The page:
Keep pushing to get a clear answer …. and let me know what happens!

  34. Hi Marie,
    I understand of soap not falling under cosmetic quidlines, I have 2 questions, adding essentials or fragrances does it considerate as cosmetic? And second, I didnt quite understand, even just “soap that cleans” I can’t make at home?

    • The key is the definition of “soap” from the regulations – it has two parts:

      1) If the “bulk of the non-volatile portion is the alkali salt of fatty acids” (that is, it is made with lye & oil) it is considered soap. Note that it’s the “bulk” of it …. so adding fragrance, color or even some additives (clay, herbs, etc) would still leave the “bulk” of it as soap.

      2) It can only be labeled and marketed as “soap” and only claim to CLEAN.

      Soap becomes a cosmetic if either of those things are violated —- for example:

      If the soap is made with detergents (not lye/oil)
      If the soap claims to moisturize.
      If the soap claims to make your skin softer, smoother, brighter, happier, etc.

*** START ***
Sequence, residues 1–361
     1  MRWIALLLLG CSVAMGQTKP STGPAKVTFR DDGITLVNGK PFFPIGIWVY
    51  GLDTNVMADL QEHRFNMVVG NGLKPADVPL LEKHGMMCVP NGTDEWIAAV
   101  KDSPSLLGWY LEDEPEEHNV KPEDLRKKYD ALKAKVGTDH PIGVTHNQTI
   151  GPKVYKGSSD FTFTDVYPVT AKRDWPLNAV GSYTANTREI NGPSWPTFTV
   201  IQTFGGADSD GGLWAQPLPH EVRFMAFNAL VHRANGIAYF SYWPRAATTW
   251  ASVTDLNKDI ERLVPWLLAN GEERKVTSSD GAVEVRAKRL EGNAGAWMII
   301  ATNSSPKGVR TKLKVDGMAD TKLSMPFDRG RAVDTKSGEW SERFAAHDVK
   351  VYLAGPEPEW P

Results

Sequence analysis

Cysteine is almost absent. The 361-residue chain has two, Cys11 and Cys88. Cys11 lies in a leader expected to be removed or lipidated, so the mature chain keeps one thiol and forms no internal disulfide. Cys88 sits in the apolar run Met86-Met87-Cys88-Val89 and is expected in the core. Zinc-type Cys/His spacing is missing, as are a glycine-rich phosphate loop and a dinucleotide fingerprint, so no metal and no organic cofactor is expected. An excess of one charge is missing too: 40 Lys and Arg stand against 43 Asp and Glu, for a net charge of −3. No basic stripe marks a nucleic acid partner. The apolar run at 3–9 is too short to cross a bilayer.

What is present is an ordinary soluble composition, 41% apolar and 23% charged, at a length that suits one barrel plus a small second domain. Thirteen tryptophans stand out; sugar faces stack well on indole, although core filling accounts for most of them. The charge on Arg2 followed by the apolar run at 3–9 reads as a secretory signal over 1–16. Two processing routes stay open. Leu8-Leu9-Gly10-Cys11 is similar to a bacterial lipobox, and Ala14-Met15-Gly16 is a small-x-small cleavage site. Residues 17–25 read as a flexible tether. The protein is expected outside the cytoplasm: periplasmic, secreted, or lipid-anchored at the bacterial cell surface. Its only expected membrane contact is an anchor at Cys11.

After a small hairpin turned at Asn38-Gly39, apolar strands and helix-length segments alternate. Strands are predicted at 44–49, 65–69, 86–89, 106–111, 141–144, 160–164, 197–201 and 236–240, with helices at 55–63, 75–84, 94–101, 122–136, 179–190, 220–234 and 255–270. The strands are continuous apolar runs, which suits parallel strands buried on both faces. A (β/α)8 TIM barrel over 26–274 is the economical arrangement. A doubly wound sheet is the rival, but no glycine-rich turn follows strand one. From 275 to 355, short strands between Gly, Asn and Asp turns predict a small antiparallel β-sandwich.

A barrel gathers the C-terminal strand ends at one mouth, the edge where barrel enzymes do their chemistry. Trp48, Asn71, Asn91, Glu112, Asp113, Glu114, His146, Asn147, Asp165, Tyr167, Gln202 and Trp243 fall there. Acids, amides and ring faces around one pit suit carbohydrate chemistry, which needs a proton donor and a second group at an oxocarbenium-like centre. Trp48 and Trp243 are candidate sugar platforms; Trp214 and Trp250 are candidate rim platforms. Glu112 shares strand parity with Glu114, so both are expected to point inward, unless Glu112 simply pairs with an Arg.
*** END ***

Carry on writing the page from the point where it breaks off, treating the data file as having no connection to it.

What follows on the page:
In Florida, a COSMETIC manufacturer must be licensed and inspected and cannot make the product in a residence.

      When the product is a SOAP that is exempt from the definition of a cosmetic, then no licensing is necessary and it CAN be made at home.

      • Oh, sorry, one more question about the last soap statement in this section! Do you still need a business permit to make soap in your home that you intend to sell?

      • If you are working under a business name, then you’ll need to register that with the State of Florida (don’t have to if it’s in your own name). If you are starting a business, you’ll need all that stuff in order to have a bank account in your business name. The Handcrafted Soap and Cosmetic Guild How-To Library has a good section on business and business start-up requirements.

        Business permit or license depends on the city and/or county you live in. Some cities say you can’t have a business in your home – some limit the KIND of business that can be in a home — some don’t care and don’t have any permit or license requirements. You’ll have to check locally.